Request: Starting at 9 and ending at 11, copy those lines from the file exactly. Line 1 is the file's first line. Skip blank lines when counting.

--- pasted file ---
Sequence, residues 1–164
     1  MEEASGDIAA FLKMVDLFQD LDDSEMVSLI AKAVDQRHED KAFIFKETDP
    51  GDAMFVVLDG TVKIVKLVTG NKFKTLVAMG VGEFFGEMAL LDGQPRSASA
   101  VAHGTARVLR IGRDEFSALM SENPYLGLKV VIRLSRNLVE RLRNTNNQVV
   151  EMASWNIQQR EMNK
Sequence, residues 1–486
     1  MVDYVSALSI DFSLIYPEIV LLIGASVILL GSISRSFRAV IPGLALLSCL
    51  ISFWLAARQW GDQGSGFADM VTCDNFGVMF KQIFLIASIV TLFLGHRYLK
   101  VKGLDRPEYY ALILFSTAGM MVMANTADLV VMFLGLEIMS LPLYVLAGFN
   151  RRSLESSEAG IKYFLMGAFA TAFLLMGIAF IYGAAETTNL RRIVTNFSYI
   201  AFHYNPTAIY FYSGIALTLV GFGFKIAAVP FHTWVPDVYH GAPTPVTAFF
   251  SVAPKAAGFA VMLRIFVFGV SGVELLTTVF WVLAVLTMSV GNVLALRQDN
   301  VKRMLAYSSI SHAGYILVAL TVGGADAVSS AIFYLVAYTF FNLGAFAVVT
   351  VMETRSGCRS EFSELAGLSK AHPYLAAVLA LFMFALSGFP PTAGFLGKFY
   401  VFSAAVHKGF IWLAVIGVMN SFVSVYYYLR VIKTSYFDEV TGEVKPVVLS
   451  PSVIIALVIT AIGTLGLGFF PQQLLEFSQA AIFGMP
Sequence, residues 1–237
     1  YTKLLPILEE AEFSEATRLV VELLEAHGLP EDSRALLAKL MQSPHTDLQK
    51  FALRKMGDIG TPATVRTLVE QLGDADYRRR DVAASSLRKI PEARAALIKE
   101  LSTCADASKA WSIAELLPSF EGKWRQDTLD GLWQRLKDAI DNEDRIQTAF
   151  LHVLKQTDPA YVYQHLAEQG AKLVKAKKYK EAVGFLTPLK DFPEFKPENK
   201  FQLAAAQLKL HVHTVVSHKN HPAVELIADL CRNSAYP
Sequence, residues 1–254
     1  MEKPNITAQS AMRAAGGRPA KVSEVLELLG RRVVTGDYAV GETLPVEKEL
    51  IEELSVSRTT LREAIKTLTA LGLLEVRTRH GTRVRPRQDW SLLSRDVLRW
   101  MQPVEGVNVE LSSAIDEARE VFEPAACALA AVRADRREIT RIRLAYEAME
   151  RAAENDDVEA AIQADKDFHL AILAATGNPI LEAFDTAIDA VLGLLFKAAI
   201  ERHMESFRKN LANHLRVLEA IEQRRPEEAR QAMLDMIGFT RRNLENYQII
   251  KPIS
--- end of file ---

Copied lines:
   101  VKGLDRPEYY ALILFSTAGM MVMANTADLV VMFLGLEIMS LPLYVLAGFN
   151  RRSLESSEAG IKYFLMGAFA TAFLLMGIAF IYGAAETTNL RRIVTNFSYI
   201  AFHYNPTAIY FYSGIALTLV GFGFKIAAVP FHTWVPDVYH GAPTPVTAFF